§. VII. And truly it is a reproach to a man, especially the religious man, that he knows not when he hath enough: when to leave off; when to be fatisfied: that notwithstanding God fends him one plentiful feafon of grain after another, he is fo far from making that the caufe of withdrawing from the traffic of the world, that he makes it a reason of launching further into it; as if the more he hath, the 2 Pet. ii. 3. * Heb. xiii. 5,

more he may. He therefore reneweth his appetite, bestirs himself more than ever, that he may have a fhare in the scramble, while any thing is to be got: this is as if cumber, not retirement; and gain, not content; were the duty and comfort of a Chriftian. O that this thing was better confidered! for by not being fo obfervable nor obnoxious to the law, as other vices are, there is more danger for want of that check. It is plain that most people ftrive not for fubftance, but wealth. Some there be that love it ftrongly, and spend it liberally when they have got it. Though this be finful, yet more commendable, than to love money for money's fake; that is one of the bafeft paffions the mind of man can be captivated with; a perfect luft; and a greater, and more foul-defiling one there is not in the whole catalogue of concupifcence. Which confidered, fhould quicken people into a serious examination, how far this temptation of love of money hath entered them; and the rather, because the steps it maketh into the mind, are almost infenfible, which renders the danger greater. Thousands think themfelves unconcerned in the caution, that yet are perfectly guilty of the evil. How can it be otherwise, when thofe that have, from a low condition, acquired thousands, labour yet to advance, yea, double and treble thofe thousands; and that with the fame care and contrivance by which they got them? Is this to live comfortably, or to be rich? Do we not fee how early they rife; how late they go to bed? How fu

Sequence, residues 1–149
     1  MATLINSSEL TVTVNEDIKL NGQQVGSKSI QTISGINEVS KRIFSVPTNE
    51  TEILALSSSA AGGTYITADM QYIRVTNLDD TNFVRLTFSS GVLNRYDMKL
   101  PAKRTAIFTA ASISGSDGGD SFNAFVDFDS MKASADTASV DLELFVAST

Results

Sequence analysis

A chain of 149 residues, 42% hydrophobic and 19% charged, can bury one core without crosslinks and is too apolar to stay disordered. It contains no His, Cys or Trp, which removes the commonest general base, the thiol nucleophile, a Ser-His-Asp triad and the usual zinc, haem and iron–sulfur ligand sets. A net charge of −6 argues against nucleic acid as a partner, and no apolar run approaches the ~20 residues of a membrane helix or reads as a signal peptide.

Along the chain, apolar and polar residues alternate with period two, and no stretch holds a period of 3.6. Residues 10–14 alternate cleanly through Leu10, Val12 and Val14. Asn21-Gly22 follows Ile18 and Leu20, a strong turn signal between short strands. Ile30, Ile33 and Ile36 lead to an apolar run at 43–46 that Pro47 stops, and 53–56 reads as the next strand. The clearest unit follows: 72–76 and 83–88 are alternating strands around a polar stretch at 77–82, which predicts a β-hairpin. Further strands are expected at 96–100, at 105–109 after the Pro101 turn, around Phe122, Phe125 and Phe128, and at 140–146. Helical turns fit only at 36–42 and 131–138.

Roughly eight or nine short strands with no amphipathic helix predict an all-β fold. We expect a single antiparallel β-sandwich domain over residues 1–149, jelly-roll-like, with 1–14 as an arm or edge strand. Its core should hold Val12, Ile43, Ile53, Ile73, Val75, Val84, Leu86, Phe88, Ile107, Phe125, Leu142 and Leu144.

of the change, the shop, the ware-house, the cuftom-house; of bills, bonds, charter-parties, &c. they are? Running up and down, as if it were to fave the life of a condemned innocent. An infatiable luft, and therein ungrateful to God, as well as hurtful to men, who giveth it to them to ufe, and not to love: that is the abuse. And if this care, contrivance, and induftry, and that continually, be not from the love of money, in thofe that have ten times mere than they began with, and much more than they fpend or need, I know not what tef timony man can give of his love to any thing.

. VIII. To conclude: It is an enemy to government in magiftrates; for it tends to corruption. Wherefore thofe that God ordained, were fuch as feared him, and hated covetoufnefs. Next, it hurts fociety: for old traders keep the young ones poor and the great reason why fome have too little, and fo are forced to drudge like flaves to feed their families, and keep their chin above water, is, because the rich hold fast and press to be richer, and covet more, which dries up the little ftreams of profit from fmaller folks. There fhould be a standard, both as to the value and time of traffic; and then the trade of the mafter to be fhared among his fervants that deferve it. This were both to help the young to get their livelihood, and to give the old time to think of leaving this world well, in which they have been fo bufy, that they might obtain a fhare in the other, of which they have been fo careless.